DD Tanks on D Day

Discussion in 'NW Europe' started by Paul Reed, Jan 17, 2010.

  1. Paul Reed

    Paul Reed Ubique MOD

    Much is written about the use of DD Tanks on 6th June 1944, and I thought members here would be interested in this document from the 'G' Branch HQ Diaries of 79th (Armoured) Division.

    It was part of a report stating the case for DD Tanks after the disaster at Omaha at that time had been partially blamed on their failure.

    [​IMG]
     
  2. sapper

    sapper WW2 Veteran WW2 Veteran

    Make no mistake, the DD tanks, along with the Sappers won the day on Sword. Their going in first, prepared the way for the infantry, the Commandos and the RA to land later. First in, last out.
    Sapper
     
  3. idler

    idler GeneralList Patron

    Good stuff, but is that where the myth starts?
    What they've mentioned accounts for 741 Tk Bn. There was also 743 Tk Bn that 'did not launch', beached about the same time as the first wave and did what they were supposed to do.

    Edit: The 79 Div history picks up the theme of disaster at OMAHA because Funnies weren't used, except for DDs of which "90% foundered". No mention of UTAH either. Looks like they are slapping themselves on the back a little too hard.
     
  4. sapper

    sapper WW2 Veteran WW2 Veteran

    The DD tanks were great, and took out the defences.... Their can no praise high enough for what these men did with their DD tanks.
     
    CL1 likes this.
  5. idler

    idler GeneralList Patron

    Seconded.
    Even on OMAHA, the few that got ashore on the eastern half of the beach did useful work shooting the infantry in. Conversely, the high proportion that were landed dry on the western end still weren't enough to offset the Germans' advantages.
     
  6. englandphil

    englandphil Very Senior Member

    Cheers Paul, one of my casualties, was B Squadron 13/18th Hussars, so an interesting piece of info.

    P
     
  7. Smudger Jnr

    Smudger Jnr Our Man in Berlin

    Seconded.
    Even on OMAHA, the few that got ashore on the eastern half of the beach did useful work shooting the infantry in. Conversely, the high proportion that were landed dry on the western end still weren't enough to offset the Germans' advantages.

    I seem to recall that a lot of the DD Tanks destined for Omaha were swamped due to the tidal conditions taking the tanks away from the beach landing areas and as the tanks were turned this caused them to get swamped and sink.

    A great pity as by letting the tide take then a little further sideways at least they would have made a landing.

    Who knows if it would have been any better, but a working tank on the beach was better than no tank.

    Regards
    Tom
     
  8. idler

    idler GeneralList Patron

    That was a good documentary about the DDs. The tidal problem affected many units at OMAHA. It was the easternmost battalion of DDs that was launched and the tide was taking them further east to a part of the coastline that was mainly cliff, so they didn't have an alternative.

    Some of the infantry over that side, on British LCAs, got a fair way to Port-en-Bessin before realising their mistake, coming back and landing a bit late. I think that was more down to navigational issues, though, as the LCAs could clearly handle the tides and currents (if not the swell on occasion).

    Whether it was a DD that had swum ashore or been landed dry, its job was the same. The DD concept had more to do with reducing the risks to LCTs - a much more valuable and vulnerable target if it had to beach.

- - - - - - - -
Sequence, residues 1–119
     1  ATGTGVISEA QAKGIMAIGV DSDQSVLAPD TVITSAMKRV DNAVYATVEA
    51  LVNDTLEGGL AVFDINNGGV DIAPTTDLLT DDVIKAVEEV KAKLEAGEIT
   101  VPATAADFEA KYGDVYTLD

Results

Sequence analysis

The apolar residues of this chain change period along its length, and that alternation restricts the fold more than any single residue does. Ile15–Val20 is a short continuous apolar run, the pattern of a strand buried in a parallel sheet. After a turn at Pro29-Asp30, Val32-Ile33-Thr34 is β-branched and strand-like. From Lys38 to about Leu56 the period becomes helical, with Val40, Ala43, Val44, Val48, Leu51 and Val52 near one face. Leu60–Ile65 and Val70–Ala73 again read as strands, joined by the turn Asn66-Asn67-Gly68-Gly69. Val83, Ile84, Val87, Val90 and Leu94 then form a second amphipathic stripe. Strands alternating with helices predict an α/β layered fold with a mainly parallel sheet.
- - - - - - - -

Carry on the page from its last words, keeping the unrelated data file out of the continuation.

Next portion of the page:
9. sapper

    sapper WW2 Veteran WW2 Veteran

    Some of the Sappers were landed away from their proper area ..And made their way back through enemy held territory..
    Sapper
     
  10. The tide problem was part of it. However several DD swamped in the waves shortly after leaving the landing craft ramps. That and the wave height triggered the decision by one of the battalions to not launch offshore but to run in on the boats.
     
  11. ranville

    ranville Senior Member

    Was'nt the big problem with DD tanks at Omaha that they were launched too for out[where the tides were stronger]?----The British DD tanks were launched much closer to the shore i think.
     
  12. idler

    idler GeneralList Patron

    The 13/18 Hussars' history has an appendix that has a bit more detail than the 79 Armd Div report that Paul posted at the top of the thread. Most importantly, it includes the missing US Tk Bn:

    http://www.ww2talk.com/forum/attachment.php?attachmentid=26225&stc=1&d=1269126405

    One detail I've learned recently was that Sheman V DDs had more freeboard than Sherman II DDs (Vs had a longer hull because of the type of engine fitted so were more buoyant).

    It appears that the SWORD and JUNO DDs were Sherman V; GOLD, OMAHA and UTAH were Sherman II. This was almost certainly a part of 741 Tk Bn's problem. Anglo-Canadian DDs may also have benefited from a slightly different tidal state as their H-Hour was an hour or so later than the US beaches.
     

    Attached Files:

  13. Bodston

    Bodston Little Willy

    It seems that the Sherwood Rangers Yeomanry did launch albeit at 700 yds.
    Off Gold beach, where H-hour was 0725 hours, it was now the turn of B and C Squadrons of the Nottinghamshire Sherwood Rangers Yeomanry (SRY) to land on Jig sector. Sea conditions were not good here so they launched at 700 yards (646m), but even so the two squadrons lost eight tanks between them. They were late in landing and in the interim Sherman Crab flail tanks of the Westminster Dragoons had been doing their work for them, taking out gun positions and machine-gun nests. However, it is interesting to note that in this case the SRY records that A Squadron and Regimental Headquarters (both waders) arrived about 90 minutes later. Immediately to their east the 4th/7th Dragoon Guards encountered similar conditions, so its senior naval officer decided to run them all the way in. The water was deep enough to justify raising the screens, but in essence the DD tanks of B and C Squadrons simply drove ashore through the breakers. Unfortunately, having made it to the beach a number of the 4th/7th Dragoon Guards tanks were then trapped in patches of soft sand and were subsequently swamped by the incoming tide.